The truth of the matter, however, is that there is simply no running from the reality, which some may wish, like ostriches, to forget by burying their heads in the sands. This reality is that Boko Haram is part of the running sore of competition between “North” and South which must be resolved either by capitulating to those who wish that the North be treated as another country or by acknowledging that the harsh drawline between North and South must be removed by proper social engineering and the building of a new national consensus. Once this is realized, it becomes clear that the inverted commas used in the case of the North are worth emphasizing. This is because the North is a diverse zone in which forced-draft unity  (northern exclusivism) has become the means deployed to create violence on a large scale by those who believe that all who live in the region must have the same standpoint on all issues, without dissent or difference of opinion.  Those who so believe are the real culprits of the Boko Haram insurgency even when they have nothing to do with Boko Haram. Otherwise, there is no reason why any set of citizens should be allowed to act with such brashness and impunity as flaunted by those presuming to have a divine mandate to prevent other citizens from having or taking to, a different viewpoint form theirs.  The crisis in the North East and across the North is, in this sense, simply one that requires Nigerians and the Nigerian government to defend the right of every Nigerian to self-respect, integrity, freedom of opinion, worship and association. Mercenaries and suicide bombers who seek to force the rest of us to abandon our own idea of Islam or Christianity and to buy into their rejection of western education, must be seen as enemies of a multi-cultural, multi-ethnic, and multi-religious Nigeria who think that taking over the North East and, maybe, the North West, will give them a place to stand from which to take the rest of the country.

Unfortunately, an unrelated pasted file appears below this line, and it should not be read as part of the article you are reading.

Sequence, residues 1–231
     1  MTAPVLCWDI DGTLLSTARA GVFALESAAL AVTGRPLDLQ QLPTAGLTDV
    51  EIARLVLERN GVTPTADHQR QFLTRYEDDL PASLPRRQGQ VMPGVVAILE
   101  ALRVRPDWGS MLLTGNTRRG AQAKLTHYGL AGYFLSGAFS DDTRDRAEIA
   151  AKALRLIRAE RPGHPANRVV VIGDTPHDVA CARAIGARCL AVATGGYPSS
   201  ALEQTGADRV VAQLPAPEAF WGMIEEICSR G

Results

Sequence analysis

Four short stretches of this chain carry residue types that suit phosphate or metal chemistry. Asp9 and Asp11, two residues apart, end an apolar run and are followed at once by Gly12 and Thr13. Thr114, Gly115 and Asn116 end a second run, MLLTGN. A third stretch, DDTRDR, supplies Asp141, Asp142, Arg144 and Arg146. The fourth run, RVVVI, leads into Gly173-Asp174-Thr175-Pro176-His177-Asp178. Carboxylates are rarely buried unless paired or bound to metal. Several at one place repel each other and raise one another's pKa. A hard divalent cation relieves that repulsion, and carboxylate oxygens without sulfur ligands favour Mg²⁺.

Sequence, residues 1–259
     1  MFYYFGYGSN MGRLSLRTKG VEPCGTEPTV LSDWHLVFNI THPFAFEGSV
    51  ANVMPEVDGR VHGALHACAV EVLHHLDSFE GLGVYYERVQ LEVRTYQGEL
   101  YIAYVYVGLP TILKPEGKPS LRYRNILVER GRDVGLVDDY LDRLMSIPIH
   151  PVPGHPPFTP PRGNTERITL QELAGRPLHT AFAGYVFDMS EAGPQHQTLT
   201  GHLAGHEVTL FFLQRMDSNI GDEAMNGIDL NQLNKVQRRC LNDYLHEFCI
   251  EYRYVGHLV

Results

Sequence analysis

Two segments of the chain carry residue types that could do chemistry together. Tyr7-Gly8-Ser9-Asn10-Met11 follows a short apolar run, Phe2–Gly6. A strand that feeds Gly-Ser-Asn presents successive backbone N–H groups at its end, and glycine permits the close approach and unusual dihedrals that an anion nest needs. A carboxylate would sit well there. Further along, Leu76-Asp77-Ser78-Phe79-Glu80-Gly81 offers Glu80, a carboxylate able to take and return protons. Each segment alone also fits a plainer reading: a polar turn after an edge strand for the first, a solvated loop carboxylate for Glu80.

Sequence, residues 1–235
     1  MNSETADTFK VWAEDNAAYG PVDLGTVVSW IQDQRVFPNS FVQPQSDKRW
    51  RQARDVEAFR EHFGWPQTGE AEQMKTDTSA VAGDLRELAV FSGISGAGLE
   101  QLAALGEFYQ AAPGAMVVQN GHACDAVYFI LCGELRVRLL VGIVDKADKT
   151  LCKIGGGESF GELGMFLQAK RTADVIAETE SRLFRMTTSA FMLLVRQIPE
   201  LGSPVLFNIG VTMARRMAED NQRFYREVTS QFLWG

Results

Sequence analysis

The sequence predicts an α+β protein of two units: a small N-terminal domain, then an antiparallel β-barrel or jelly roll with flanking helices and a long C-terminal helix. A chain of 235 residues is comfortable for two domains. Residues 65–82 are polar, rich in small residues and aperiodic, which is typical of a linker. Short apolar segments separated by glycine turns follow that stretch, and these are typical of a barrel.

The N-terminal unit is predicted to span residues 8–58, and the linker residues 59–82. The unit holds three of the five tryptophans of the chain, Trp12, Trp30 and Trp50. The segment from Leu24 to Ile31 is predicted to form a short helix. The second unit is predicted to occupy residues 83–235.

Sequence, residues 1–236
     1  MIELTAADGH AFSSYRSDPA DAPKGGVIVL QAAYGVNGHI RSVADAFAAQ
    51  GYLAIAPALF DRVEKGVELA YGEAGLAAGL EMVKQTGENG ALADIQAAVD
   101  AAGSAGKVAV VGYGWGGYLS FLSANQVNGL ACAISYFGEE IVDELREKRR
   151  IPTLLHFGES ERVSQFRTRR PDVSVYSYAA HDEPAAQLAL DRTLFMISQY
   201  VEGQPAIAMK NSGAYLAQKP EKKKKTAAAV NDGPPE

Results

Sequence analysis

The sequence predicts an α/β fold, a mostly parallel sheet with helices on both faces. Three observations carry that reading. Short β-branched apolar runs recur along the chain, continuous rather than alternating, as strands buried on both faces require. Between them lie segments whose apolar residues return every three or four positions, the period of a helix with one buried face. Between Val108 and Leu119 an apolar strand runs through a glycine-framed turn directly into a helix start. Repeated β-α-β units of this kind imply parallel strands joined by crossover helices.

Ofeimun, a renowned poet, is a former president of Association of Nigerian Authors (ANA) 

The opinions expressed in this article are solely those of the author.